The Security Council recognized the real possibilities of broader armed conflict and its consequences on the civilian population. In the recent past, the Libyan armed factions have violated the laws of war and have a sad record of abuses against civilians.

We will now have to see if Khalifa Haftar is more open to international appeals than was Benito Mussolini. My impression is that the goal of holding overall power is stronger than the respect of international law. However, even a successful “March on Tripoli” will not create the conditions for an administration of a culturally and geographically-diverse country. New and appropriate constitutional structures must be developed.

There cannot be a return to the earlier Italian colonial structures, nor to the forms of government at independence developed by King Idris al Sanussi which depended largely on his role as a religious leader using religious orders, nor the complicated pattern of “direct democracy” developed by Muammar al-Qadhafi. The Association of World Citizens has proposed the possibility of con-federal structures.

The post 2011 Libyan society faces large and complex issues. Resolving the institutional, economic and political issues is urgent and cannot be settled by elections alone. There are three distinct regions which must have some degree of autonomy: Tripolitania and Cyrenaica both bordering the Mediterranean and Fezzan in the southern Sahara. Within each of the three regions there are differing and often rival tribal societies which are in practice more kinship lines than organized tribes. (1) There are differing economic interests and there are differing ideologies ranging from “Arab Socialism” to the Islamist ideology of the Islamic State which has spread from its Syrian-Iraqi base.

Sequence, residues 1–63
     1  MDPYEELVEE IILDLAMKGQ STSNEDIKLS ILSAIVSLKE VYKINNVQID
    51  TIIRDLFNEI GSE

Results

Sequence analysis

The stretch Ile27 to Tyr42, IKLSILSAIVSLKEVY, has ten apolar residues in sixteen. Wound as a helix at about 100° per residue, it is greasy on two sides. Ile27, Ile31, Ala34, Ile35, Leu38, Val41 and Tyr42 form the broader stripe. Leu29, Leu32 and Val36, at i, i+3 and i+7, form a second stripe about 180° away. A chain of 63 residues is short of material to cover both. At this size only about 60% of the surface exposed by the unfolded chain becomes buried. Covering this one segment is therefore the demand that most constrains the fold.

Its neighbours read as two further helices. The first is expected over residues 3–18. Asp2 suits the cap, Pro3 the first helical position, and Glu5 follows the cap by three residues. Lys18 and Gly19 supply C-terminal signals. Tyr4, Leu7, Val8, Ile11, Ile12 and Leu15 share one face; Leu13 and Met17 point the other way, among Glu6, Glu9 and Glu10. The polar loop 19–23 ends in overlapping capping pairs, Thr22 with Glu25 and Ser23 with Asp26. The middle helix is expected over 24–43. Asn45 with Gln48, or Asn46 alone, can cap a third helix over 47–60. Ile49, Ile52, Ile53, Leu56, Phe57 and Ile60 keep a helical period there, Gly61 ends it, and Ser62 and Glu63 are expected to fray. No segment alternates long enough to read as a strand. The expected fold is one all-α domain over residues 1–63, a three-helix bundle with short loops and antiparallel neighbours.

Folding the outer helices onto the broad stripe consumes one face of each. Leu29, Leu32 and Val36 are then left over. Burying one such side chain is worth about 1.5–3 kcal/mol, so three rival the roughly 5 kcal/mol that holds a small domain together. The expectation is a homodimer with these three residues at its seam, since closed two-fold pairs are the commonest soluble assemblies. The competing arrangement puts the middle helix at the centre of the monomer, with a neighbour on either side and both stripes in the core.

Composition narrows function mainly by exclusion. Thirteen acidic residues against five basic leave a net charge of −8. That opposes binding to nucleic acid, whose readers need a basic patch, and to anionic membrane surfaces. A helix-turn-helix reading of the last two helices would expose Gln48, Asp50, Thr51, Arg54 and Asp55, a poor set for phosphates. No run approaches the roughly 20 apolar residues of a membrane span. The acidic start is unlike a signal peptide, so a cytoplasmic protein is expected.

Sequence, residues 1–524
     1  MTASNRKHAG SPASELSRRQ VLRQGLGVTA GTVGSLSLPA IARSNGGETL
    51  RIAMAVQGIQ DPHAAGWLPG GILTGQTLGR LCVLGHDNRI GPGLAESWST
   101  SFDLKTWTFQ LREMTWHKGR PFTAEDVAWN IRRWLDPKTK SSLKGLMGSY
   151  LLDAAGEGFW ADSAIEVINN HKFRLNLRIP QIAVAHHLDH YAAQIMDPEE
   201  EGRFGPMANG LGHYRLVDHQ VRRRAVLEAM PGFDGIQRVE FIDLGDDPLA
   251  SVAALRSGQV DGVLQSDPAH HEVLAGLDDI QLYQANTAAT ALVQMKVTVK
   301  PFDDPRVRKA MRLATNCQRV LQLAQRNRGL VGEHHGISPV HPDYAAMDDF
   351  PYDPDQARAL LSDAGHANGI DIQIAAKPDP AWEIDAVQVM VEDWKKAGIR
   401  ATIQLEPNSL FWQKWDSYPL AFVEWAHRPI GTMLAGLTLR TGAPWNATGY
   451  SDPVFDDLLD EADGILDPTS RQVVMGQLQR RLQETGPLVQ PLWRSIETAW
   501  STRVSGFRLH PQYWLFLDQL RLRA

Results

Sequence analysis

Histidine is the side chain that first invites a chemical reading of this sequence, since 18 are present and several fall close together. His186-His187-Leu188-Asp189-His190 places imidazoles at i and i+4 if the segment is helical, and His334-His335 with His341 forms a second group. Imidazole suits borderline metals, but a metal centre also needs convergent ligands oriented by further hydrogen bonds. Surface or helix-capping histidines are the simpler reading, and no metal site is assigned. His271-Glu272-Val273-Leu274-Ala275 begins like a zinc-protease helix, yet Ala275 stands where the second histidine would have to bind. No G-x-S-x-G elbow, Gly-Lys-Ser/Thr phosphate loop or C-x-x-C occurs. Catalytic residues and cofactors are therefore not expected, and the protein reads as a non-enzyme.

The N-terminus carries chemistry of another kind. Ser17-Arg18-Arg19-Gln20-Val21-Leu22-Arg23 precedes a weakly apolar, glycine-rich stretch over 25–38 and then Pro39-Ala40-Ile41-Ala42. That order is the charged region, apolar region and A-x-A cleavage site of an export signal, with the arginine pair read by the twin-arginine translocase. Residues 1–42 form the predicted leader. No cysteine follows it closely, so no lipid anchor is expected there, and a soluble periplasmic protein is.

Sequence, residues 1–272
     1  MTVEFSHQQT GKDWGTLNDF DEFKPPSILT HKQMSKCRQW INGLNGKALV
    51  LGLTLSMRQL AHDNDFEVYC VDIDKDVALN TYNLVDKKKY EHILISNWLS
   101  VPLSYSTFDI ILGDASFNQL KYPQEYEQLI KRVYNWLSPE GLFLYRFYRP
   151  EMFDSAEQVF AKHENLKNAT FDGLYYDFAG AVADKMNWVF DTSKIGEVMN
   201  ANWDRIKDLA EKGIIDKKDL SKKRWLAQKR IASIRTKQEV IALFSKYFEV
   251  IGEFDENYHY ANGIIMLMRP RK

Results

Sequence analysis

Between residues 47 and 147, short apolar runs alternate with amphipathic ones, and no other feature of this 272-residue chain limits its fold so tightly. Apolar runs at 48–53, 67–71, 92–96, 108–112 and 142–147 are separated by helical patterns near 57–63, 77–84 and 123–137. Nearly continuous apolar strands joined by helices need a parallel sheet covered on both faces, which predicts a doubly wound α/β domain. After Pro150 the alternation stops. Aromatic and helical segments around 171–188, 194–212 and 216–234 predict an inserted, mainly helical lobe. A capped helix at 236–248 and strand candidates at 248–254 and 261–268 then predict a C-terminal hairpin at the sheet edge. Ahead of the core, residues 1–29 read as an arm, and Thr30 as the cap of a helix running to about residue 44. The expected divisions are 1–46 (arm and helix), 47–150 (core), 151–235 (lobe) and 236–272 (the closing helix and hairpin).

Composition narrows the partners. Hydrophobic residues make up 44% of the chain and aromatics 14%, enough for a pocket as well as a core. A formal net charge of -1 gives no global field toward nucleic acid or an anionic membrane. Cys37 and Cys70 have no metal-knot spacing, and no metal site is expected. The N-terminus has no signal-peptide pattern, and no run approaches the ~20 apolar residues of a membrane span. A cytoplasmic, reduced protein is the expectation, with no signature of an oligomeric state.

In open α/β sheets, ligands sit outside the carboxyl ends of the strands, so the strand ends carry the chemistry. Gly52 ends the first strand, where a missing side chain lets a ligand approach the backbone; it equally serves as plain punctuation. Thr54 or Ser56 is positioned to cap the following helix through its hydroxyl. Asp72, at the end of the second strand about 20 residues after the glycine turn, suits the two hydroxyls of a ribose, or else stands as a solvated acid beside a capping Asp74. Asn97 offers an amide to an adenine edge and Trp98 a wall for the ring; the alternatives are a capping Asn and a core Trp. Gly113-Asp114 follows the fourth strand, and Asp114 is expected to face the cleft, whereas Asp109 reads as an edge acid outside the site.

The situation is critical, and the next few days may be crucial for the future of the country.

Note

1) See J. Davis. Libyan Politics, Tribes and Revolution (London: I. B. Tauris, 1987)

Prof. René Wadlow is President of the Association of World Citizens.

Migration and Awareness of Trafficking in Persons

In Being a World Citizen, Current Events, Human Rights, Modern slavery, NGOs, Refugees, Social Rights, Solidarity, The Search for Peace, Track II, United Nations, World Law on April 10, 2019 at 9:47 PM